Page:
Youth ministry has many moving parts. Certainly now during this pandemic, gathering youth together for an event creates new challenges to spending quality time with youth that may reveal the “inside of the onion”. It is quite impressive though, to witness leaders who are finding ways to connect with their youth. Four Corners Community Chapel UCC, Cumberland, RI, had active youth groups prior to the pandemic, meeting three times a month. Volunteer youth leader Wade Richmond has found ways to stay connected to his youth after the church building was closed. He immediately offered creative virtual experiences including zoom games, scavenger hunts, and Pictionary. A seasoned and passionate youth leader for 20 years, Wade offered incentive prizes for youth sent out after the game events. One trademark activity of this youth group is called “what’s your number?” and opens every gathering. Everyone rates their previous week on a scale of 1 (the worst) to 10 (the best). If anyone wants to explain the reasons behind their rating, they are invited to share with the group. This is a perfect opportunity to “peel back the onion” for a moment and hear what is going on in a youth’s life. Wade commented, “This is always a very special time that often allows me to stop and realize something amazing or traumatic is happening and I make note of this, keeping an eye out for any future concerns. It also gives an awareness to their peers that there may be a sensitive situation happening.”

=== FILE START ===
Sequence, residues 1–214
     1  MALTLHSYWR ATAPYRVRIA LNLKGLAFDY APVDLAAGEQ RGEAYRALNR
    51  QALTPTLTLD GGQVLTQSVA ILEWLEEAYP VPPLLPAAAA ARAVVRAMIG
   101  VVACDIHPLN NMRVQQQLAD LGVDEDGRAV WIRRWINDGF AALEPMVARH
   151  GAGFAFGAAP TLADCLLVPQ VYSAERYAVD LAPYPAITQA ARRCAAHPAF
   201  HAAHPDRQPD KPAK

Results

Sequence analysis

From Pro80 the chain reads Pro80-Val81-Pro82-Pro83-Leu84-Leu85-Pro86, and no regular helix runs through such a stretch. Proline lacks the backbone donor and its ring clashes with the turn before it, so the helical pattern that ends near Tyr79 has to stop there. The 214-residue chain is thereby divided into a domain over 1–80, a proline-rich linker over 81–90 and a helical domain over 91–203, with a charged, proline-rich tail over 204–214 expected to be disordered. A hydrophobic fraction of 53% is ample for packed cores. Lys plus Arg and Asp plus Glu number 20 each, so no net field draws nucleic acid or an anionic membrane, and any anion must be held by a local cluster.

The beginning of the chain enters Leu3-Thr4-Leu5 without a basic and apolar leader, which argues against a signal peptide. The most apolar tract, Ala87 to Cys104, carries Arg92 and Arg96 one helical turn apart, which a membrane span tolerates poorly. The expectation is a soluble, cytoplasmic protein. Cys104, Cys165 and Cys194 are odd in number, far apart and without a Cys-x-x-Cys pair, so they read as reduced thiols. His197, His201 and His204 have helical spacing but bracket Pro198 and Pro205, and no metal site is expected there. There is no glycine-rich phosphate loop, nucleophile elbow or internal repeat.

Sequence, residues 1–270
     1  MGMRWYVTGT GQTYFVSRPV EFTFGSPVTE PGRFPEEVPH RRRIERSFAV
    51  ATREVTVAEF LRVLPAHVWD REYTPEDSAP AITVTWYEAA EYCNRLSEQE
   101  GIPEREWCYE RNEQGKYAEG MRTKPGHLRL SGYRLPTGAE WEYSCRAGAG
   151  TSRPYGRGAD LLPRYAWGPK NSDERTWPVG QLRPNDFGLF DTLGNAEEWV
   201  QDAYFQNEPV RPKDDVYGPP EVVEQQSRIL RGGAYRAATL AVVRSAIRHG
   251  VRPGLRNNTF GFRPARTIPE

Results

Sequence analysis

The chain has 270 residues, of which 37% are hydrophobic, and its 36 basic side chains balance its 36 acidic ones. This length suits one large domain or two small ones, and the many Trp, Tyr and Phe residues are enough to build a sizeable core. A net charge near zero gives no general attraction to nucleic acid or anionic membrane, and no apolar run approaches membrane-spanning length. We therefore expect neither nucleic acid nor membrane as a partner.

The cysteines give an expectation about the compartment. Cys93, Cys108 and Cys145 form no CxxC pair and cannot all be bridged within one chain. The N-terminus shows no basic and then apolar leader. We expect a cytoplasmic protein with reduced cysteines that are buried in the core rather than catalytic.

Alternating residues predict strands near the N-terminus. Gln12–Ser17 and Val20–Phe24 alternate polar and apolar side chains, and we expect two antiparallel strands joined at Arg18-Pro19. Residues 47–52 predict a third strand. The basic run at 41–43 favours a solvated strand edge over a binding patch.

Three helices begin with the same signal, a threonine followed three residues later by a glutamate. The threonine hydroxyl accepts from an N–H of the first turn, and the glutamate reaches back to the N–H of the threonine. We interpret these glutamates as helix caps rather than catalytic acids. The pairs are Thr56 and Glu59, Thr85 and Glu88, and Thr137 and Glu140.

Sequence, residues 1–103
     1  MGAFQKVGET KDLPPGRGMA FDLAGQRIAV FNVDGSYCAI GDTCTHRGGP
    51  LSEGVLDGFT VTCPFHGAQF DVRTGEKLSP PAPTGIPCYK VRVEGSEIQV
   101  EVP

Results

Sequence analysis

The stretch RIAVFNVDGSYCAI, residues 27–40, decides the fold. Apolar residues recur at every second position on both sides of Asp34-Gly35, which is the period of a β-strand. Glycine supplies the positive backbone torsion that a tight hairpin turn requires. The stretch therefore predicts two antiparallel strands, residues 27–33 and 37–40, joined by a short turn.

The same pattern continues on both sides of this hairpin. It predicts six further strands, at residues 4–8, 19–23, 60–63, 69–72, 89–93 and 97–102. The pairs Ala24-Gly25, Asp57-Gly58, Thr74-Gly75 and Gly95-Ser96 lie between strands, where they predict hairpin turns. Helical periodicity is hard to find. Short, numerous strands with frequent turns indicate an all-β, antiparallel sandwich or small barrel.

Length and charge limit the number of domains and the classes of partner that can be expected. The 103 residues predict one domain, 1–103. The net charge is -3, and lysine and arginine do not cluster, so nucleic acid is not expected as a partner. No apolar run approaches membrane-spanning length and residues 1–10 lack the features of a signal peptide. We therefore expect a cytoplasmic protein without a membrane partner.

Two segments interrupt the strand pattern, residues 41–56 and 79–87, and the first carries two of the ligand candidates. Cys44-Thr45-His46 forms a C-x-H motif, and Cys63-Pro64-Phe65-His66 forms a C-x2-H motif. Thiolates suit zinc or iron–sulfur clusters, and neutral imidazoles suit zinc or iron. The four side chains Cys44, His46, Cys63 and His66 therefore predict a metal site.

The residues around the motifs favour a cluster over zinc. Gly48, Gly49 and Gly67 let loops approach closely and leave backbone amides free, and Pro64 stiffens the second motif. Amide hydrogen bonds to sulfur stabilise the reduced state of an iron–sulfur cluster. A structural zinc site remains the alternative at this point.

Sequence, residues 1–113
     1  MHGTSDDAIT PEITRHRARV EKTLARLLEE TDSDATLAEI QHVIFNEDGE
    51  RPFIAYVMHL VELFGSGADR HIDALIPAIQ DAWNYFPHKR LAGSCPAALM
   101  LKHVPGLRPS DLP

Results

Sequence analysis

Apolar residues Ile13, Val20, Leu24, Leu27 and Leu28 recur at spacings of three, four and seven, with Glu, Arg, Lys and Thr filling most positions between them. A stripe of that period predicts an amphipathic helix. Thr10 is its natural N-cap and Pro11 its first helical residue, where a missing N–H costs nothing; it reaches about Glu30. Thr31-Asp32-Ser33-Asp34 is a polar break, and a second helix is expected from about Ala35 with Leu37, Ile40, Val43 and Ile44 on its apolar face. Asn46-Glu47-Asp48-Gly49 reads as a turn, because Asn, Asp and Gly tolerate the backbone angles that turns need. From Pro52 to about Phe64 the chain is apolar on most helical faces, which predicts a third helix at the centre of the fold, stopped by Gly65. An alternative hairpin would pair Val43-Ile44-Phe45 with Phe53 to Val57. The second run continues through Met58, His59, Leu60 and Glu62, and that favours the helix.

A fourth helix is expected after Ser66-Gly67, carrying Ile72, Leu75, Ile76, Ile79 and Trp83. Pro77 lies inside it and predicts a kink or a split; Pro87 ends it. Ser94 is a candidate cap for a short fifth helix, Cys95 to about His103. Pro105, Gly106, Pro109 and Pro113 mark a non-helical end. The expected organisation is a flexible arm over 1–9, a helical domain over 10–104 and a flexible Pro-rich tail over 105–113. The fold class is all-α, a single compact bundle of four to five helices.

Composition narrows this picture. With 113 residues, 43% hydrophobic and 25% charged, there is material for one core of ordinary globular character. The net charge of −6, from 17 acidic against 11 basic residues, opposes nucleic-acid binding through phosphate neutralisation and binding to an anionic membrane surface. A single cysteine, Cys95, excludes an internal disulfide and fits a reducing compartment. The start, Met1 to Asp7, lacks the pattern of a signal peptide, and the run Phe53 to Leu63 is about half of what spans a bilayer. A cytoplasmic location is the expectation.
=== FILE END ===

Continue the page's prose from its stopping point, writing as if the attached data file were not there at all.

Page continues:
Wade also relies on parent involvement which begins with clear expectations from the moment a child registers for youth group. “By default, all parents of a child in youth group become part of the parents’ group and are asked to meet periodically to give feedback, offer support, and to keep actively involved as a team.”  He communicates with them on a private Facebook page which has proven to be effective. Recently the parent group met by zoom and decided to gather the youth outside at different homes twice a month for activities, weather permitting. Oftentimes youth and parents meet simultaneously yet separately to plan activities and mission trips. One autumn activity planned this month is to paint gourds with kind words and leave them in random places in the community, similar to the kindness rock project.